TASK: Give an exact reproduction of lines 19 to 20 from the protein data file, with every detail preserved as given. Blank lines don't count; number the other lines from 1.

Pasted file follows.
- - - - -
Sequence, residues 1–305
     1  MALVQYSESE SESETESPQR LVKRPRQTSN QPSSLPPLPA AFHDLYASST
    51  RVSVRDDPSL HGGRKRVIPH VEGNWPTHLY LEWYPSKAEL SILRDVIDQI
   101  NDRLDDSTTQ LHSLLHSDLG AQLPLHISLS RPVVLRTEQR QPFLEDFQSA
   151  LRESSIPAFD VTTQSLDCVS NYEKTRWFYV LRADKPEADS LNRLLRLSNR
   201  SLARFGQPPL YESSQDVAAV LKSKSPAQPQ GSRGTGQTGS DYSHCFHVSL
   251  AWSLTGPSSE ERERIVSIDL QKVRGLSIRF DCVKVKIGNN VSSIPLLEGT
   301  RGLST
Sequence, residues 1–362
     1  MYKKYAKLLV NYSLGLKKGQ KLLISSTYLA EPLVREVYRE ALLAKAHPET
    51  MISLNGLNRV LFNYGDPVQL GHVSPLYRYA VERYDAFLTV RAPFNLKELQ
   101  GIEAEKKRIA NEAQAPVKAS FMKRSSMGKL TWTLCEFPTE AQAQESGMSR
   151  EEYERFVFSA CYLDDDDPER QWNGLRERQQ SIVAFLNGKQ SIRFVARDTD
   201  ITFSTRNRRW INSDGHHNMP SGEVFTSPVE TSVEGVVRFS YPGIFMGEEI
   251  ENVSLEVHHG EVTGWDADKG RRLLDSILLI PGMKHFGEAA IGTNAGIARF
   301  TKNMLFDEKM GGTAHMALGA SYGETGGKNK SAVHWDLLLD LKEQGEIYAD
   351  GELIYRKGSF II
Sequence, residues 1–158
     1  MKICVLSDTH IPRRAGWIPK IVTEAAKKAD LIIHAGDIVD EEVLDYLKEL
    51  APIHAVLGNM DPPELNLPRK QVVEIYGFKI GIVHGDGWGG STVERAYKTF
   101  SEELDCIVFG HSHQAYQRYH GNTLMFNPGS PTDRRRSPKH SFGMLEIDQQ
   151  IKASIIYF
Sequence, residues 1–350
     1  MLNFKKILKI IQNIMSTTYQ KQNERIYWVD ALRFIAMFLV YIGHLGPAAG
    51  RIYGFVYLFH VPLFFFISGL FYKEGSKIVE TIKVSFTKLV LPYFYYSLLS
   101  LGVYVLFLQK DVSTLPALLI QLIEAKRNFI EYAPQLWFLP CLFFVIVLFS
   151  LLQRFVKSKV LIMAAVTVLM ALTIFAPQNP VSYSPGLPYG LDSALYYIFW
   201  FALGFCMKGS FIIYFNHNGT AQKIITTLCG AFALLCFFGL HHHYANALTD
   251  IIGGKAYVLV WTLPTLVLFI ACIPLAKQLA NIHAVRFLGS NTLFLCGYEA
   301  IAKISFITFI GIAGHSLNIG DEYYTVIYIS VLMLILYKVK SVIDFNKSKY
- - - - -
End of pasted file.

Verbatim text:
     1  MKICVLSDTH IPRRAGWIPK IVTEAAKKAD LIIHAGDIVD EEVLDYLKEL
    51  APIHAVLGNM DPPELNLPRK QVVEIYGFKI GIVHGDGWGG STVERAYKTF